English Language - most languages for that matter - is full of
come for new words arriving from a village nearby that have a different
the same sound. Do this for hundreds of years and you get an increasing
Morse Code, is a new
language time wise thanks to Mr Morse who coined it in 1836 or
abouts. That's like yesterday
to say Latin or Greek.
studying Morse as a language and hope to summarize my findings for the
later in the year or next year. One of the interesting things I've found
that a majority
used in a casual QSO, such as TNX, FB, etc, are made up by hams. And the
evolve. An example of that is the arrival of the word "TU" for
keeping a copy of some of my rag chew QSOs and counting the frequency of
each of the
words. The leading words so far are: ES, FB, 73, FER, IS, and TNX. I
yet to get a good ranking.
contest words are different, the top rank is obvious, "5NN." I'm not
that activity is pretty much call sign copying, i.e 700,000 call signs
in the USA
apparent so far is that comprehension for languages, including Morse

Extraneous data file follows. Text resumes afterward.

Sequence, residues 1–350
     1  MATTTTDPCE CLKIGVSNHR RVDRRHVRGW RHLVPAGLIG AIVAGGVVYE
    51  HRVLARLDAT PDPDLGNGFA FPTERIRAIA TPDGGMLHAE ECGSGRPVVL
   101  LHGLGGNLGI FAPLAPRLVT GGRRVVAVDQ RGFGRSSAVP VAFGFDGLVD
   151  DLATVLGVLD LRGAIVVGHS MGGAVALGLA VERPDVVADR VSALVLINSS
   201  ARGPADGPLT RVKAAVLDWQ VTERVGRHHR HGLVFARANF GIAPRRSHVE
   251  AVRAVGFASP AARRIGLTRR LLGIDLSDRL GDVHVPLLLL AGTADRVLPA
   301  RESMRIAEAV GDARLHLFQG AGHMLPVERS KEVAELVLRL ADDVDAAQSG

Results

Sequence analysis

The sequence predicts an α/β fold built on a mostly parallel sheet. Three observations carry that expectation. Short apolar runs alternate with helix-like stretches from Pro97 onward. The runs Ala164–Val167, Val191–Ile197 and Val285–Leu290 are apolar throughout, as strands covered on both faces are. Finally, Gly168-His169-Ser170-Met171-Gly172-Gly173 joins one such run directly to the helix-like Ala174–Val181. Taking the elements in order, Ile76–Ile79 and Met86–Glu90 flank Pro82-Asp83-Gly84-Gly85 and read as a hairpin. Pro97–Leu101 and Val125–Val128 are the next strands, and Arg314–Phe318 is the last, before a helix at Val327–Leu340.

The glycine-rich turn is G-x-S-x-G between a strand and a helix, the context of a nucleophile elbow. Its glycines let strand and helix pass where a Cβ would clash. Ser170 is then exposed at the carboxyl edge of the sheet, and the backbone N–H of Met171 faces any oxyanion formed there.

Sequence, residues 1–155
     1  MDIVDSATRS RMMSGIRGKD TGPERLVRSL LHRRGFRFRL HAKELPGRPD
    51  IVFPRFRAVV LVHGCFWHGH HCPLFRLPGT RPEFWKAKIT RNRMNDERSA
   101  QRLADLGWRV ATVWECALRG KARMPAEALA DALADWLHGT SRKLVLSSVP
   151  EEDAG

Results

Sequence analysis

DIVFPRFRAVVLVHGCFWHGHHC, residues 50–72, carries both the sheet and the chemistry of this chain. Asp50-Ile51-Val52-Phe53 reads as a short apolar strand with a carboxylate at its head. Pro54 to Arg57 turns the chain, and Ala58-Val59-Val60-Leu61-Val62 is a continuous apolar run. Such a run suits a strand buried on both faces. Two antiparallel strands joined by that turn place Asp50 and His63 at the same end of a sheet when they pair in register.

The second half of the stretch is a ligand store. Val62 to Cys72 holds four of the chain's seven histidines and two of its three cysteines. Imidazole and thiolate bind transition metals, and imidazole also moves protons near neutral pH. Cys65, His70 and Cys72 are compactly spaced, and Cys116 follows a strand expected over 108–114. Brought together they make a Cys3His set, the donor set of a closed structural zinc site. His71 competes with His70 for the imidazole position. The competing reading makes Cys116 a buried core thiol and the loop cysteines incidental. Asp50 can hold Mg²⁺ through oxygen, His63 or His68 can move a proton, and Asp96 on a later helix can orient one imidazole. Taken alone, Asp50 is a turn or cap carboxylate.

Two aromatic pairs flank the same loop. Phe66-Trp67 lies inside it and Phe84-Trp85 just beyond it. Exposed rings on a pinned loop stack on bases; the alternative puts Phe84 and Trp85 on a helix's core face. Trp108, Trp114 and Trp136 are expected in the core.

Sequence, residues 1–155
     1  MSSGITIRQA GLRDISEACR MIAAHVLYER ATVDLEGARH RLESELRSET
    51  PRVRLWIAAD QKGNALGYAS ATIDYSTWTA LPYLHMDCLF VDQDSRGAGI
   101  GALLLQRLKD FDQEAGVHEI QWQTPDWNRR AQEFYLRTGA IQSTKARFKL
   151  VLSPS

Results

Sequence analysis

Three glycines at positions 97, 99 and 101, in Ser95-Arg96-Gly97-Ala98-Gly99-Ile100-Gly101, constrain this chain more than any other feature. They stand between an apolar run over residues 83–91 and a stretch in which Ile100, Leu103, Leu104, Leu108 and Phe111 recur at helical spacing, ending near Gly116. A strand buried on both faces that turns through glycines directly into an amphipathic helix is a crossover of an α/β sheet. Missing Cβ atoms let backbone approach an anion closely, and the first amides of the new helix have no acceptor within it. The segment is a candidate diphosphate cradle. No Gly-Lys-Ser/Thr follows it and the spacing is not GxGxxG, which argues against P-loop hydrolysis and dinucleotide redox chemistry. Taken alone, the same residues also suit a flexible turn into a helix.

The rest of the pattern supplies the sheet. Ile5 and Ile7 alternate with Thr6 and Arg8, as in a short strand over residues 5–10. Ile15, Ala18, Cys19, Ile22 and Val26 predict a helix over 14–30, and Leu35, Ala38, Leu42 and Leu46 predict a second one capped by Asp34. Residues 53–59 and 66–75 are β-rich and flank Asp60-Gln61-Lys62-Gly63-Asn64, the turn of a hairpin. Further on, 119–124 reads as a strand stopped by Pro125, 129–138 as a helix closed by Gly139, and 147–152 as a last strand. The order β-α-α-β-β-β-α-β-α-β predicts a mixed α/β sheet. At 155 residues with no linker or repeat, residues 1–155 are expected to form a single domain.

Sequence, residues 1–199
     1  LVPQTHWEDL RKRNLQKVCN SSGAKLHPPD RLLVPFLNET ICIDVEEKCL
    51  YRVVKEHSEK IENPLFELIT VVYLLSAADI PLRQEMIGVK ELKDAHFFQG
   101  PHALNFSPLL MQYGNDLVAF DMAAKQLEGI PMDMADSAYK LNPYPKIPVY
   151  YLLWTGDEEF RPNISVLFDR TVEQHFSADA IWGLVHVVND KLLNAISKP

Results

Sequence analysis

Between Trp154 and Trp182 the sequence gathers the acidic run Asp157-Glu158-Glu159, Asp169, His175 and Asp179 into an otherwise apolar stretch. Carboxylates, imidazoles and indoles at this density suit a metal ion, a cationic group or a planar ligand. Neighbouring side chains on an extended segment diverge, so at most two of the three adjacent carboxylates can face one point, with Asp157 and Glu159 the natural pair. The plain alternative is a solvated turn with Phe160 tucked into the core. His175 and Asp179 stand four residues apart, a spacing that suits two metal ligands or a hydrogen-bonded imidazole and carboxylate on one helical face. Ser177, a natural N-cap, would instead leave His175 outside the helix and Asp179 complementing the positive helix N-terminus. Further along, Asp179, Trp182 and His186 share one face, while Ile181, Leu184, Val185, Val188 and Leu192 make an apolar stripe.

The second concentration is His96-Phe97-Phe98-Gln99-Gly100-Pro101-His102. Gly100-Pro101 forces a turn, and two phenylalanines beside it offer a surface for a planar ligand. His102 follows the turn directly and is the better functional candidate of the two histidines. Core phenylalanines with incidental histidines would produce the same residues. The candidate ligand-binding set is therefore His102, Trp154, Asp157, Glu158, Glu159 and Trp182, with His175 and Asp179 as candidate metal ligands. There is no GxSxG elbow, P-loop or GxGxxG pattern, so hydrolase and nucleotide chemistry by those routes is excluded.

increases when enough words
are tied together for a thought. If a verb is included
this aids the reader/listener to better comprehend of thought/sentence
For example, when QTH is sent, you expect to get back a state
rather than 5NN or something else.
Where is the verb? It is embedded in the QTH but we intuitively
understant that. "My location IS...." Content matters in understanding.
going with this is the idea that practicing Morse Code with short
one's ability to copy the QSO. And the rate needs to be high enough to
hear the words
and not the
individual dits and dahs. Twenty WPM would be a minimum.
Ain't ham radio fun! Uncle Phil, W0XI